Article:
Thursday, November 12, 2015

Japan's Next Generation of Youth: Latchkey Kids.


I was walking by a nursery/kindergarten the other day. It was one of the many that have popped up in my neighborhood over the last few years. 

I wondered why, if the birthrate is so low in Japan - along with the smallest population of children since WWII, and all these pre-schools and nurseries are being built (three new ones in my neighborhood over the last 2 years or so - a neighborhood full of senior citizens), then why has the Japanese government reported that there are over "23,000 children on waiting lists to get into pre-school"? (There were over 44,000 in 2014). Why have two of my close friends told me that they, "Couldn't find a nursery or preschool to put their 1-year-old into" while they go to work.

I got it! It's simple really, when you stop to think about it.... 

Even though the birthrate is dropping seriously, the economy is is the shitcan; families can no longer depend upon the husband's job nor support the family on one income... Hence, the wives have started working... 

When the wives have to work, they have to put the kid's into daycare. Pretty simple, right?

The same phenomenon happened in the USA... Then throughout the 80s. Remember, "Latchkey Kids"

Yep. 

We are brewing an entire new generation of Latchkey Kids now in Japan too because of the BS the government is doing to the currency and the economy; which leads to more and more debt and a situation whereby the mother has to work in order for the family to survive financially.

I think this is terrible. How well did this situation serve the United States and American families?

You can judge for yourself if this is a desirable condition or not.

1 comment:

Michael McThrow said...

Shinzo Abe has been promoting "Womenomics" as an effort to get more women in the workforce in an effort to help turn around Japan's economy. While much media coverage has focused on the struggles of highly-educated women in Japan with professional careers and how Womenomics, combined with initiatives such as additional public daycare centers, would help them, this blog post has made me think harder about Womenomics. Perhaps Womenomics is not necessarily about female professionals, but is more about preparing Japan for one of the consequences of the inflationary parts of Abenomics: women being forced to work in order for households to make ends meet.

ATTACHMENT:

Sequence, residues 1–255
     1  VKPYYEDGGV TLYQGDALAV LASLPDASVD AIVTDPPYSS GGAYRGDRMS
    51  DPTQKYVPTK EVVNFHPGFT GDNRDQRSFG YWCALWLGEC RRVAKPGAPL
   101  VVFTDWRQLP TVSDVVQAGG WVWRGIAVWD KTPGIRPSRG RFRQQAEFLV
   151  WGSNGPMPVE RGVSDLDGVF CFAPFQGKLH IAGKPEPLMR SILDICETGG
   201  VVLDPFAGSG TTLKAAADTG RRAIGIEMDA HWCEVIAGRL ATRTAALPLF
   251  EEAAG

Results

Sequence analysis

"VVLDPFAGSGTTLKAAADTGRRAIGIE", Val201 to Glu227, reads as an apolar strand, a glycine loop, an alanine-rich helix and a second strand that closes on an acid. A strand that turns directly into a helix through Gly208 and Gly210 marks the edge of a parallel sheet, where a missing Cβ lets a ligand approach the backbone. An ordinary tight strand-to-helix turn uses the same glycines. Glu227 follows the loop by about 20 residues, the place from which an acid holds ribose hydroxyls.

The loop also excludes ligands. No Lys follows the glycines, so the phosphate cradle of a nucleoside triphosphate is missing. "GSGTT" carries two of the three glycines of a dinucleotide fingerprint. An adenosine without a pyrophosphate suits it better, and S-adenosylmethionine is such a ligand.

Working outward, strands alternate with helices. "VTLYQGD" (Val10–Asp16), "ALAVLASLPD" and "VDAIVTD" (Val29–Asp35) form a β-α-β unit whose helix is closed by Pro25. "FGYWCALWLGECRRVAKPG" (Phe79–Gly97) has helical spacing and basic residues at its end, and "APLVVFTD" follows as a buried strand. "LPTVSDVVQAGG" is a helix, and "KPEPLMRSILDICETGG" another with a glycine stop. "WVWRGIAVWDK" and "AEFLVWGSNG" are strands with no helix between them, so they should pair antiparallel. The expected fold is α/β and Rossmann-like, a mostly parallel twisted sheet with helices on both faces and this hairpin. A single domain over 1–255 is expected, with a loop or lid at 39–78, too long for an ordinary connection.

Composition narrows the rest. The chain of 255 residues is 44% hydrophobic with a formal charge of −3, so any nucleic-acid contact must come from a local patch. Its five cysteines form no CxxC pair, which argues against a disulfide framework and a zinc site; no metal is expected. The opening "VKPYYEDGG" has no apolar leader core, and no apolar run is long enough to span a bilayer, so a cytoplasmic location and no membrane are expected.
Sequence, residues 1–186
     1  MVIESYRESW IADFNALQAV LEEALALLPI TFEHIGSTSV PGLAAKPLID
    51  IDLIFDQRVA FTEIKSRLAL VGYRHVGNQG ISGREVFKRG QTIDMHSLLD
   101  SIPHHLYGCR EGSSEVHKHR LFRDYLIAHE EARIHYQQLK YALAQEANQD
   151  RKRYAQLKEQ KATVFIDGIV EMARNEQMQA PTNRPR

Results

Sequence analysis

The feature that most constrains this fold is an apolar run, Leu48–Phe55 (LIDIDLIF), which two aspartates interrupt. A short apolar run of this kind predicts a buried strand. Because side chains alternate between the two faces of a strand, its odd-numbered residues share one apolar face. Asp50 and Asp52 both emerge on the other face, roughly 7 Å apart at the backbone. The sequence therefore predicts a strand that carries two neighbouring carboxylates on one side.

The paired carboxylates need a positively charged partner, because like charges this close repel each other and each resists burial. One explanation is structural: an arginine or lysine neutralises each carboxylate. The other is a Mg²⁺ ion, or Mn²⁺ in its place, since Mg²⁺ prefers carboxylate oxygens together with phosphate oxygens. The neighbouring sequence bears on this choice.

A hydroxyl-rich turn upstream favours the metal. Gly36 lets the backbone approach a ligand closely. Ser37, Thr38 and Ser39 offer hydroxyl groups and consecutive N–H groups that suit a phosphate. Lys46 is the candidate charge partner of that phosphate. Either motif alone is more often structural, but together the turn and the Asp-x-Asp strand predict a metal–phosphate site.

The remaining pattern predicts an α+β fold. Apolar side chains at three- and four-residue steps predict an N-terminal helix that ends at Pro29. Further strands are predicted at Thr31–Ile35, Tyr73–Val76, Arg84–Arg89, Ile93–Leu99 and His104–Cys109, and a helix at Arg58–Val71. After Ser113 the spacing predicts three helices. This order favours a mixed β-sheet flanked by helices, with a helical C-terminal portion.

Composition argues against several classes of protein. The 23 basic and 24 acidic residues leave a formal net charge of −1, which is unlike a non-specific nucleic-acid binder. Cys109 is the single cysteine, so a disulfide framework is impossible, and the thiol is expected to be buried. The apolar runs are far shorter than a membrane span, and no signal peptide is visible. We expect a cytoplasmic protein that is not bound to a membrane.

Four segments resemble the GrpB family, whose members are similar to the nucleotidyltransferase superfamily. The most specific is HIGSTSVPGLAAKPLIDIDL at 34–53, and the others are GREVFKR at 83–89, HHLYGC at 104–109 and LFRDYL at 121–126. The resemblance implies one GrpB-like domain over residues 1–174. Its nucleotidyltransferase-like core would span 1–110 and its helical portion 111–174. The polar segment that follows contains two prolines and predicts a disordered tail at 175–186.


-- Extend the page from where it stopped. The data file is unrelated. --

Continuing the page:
How did Japan get to this situation? From the 1950s until the early 1990s, the Japanese economy was performing well. During this time, men were expected to perform well in college-entrance exams, attend a good university like Todai or Waseda, and then join a well-known corporation immediately after graduation, where he would be guaranteed employment at the company until he retires at 60 years old. By the time a salaryman would reach his 30s, his salary would approach the level where it could provide a middle-class lifestyle for a wife and two kids. Since salaries at traditional Japanese companies are seniority-based, they would grow as he gets older. As for women, they were expected to attend two-year colleges after high school and then get employed in temporary jobs as "office ladies", receptionists, flight attendants, or other "feminine" occupations until they got married, which would typically be between the ages of 25 and 30. After the wedding or during the first pregnancy, these women were expected to quit their jobs and become housewives, which they'd remain so until their children became independent. From the 1950s to the early 1990s, this was family life in Japan.

But when the housing bubble of the latter half of the 1980s burst in the early 1990s, Japan's economy entered a long period of decline. To cope with a declining economy, major Japanese companies started gradually reducing the number of lifetime employment positions for fresh college graduates while increasingly replacing them with temporary jobs, which pay less than the lifetime employment positions do and have fewer benefits. To make matters worse, lifetime employment positions are generally only available to fresh college grads, so if a person fails to land a position with lifetime employment upon college graduation, he or she may be stuck working temporary jobs for the rest of his or her career. There are many Japanese people in their 20s, 30s, and 40s who are in this predicament. Rising inflation and taxes does not help matters.

Japan is in trouble with its aging population and its declining population, but I still believe that Japan has some time to recover, provided that it repudiates its Keynesian debt spending policy that it has pursued for over two decades, which has led to a debt load so big that just servicing the debt consumes a scarily-high amount of Japan's revenue. Japan must get its debt in control and stop its current inflationary policies. Otherwise, it risks becoming the first developed nation in a while to default on its debt obligations, and the inflation could rise to dangerous levels, causing massive levels of hardship to Japan's burgeoning elderly population, who is dependent on their savings and pensions.